Success! Victory! I was SO excited. And then, that's when I realized the predicament I was in.
My arm was caught under him, and in order to sneak away, I'd have to do the impossible: slide it out and slowly make my way out of the bed.
Could I do it? Was it a real mission impossible?
I stiffly shifted my head to glance at the bedside clock out of the corner of my eye. If my calculations were correct, we had only been asleep for 20 minutes or so. Not bad. I could do this.
Then my phone started going off with alerts for email. "Shhhhh!" I told it in my head.
Slowly but surely, centimeter by centimeter, I slid my arm out from under him and slowly rolled my body off the bed and slithered to the floor. The whole time the Mission Impossible theme was playing in my head.
It had taken me 10 minutes, but I had done it and done it successfully.
I know you have all found yourself in that moment. The baby or toddler or child is asleep, and then you tiptoe out of the room, so painstakingly careful, only to misjudge the creaky spot on the floor and it echoes throughout the room. You hold your breath for a moment. Every muscle in your body tenses. You think if you don't move, they won't see you. Yeah, right.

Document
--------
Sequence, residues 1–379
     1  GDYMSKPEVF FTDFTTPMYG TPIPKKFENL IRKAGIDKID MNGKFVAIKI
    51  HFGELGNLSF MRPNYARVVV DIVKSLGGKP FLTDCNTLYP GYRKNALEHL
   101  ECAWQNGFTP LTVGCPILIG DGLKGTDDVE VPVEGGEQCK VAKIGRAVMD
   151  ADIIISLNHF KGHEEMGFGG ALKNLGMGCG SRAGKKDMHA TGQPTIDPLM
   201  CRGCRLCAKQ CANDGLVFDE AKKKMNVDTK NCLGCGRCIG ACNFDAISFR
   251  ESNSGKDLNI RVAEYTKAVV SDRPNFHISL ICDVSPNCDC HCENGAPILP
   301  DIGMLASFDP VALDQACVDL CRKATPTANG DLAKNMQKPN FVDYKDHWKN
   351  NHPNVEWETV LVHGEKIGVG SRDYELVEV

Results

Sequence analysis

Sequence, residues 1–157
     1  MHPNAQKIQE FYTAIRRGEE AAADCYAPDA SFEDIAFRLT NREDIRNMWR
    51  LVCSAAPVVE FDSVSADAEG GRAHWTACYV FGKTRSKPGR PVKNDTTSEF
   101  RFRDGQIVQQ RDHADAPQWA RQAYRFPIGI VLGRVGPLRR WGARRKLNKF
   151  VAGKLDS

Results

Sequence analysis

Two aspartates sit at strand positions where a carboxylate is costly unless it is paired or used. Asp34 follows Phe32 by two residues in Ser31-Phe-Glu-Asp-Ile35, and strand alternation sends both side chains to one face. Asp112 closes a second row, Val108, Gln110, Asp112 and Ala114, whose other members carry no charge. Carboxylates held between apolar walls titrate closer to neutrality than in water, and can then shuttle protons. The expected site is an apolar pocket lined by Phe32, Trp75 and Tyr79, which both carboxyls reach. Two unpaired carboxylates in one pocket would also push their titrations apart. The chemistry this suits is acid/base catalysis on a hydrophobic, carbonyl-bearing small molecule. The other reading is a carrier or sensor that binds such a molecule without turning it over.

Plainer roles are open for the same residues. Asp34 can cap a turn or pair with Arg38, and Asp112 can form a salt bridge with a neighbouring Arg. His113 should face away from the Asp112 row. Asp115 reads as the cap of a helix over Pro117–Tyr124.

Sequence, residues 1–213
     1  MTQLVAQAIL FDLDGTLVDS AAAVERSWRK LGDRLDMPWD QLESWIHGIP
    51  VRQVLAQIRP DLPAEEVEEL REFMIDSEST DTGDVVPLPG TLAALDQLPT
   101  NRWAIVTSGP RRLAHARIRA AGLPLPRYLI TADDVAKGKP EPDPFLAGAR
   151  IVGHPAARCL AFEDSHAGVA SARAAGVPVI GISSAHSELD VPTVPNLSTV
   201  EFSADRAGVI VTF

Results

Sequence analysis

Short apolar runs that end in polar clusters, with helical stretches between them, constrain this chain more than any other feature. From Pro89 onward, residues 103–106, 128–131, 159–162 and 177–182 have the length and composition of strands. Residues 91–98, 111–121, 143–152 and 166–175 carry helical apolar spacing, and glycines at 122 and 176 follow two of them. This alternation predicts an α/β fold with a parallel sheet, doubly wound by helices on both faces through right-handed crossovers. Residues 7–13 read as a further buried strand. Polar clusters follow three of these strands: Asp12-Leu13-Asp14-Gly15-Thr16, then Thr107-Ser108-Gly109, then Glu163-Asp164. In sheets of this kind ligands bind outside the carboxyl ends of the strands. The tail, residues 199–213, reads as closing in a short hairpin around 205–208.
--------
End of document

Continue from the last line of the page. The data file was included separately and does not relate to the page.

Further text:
I hadn't found myself on a mission impossible in quite some time, so it kind of gave me a rush. I still had it in me.
But alas, as I open up my laptop to start working, feeling confident, maybe a little overly so, the faint babble of Oliver was in the background.
Didn't it figure. The day the unthinkable happened, Oliver would decide to take a short nap, when every other day he takes a 3-4 hour nap.
Well, such is life. And hey, I felt accomplished for the day.
But it doesn't end there. Oh no.
We are currently bantering back and forth, again, for him to go to sleep. A consequence of him taking a nap.
I don't know what's better. Him falling straight to sleep at night without a nap? Or getting an hour of time to myself in the middle of the day.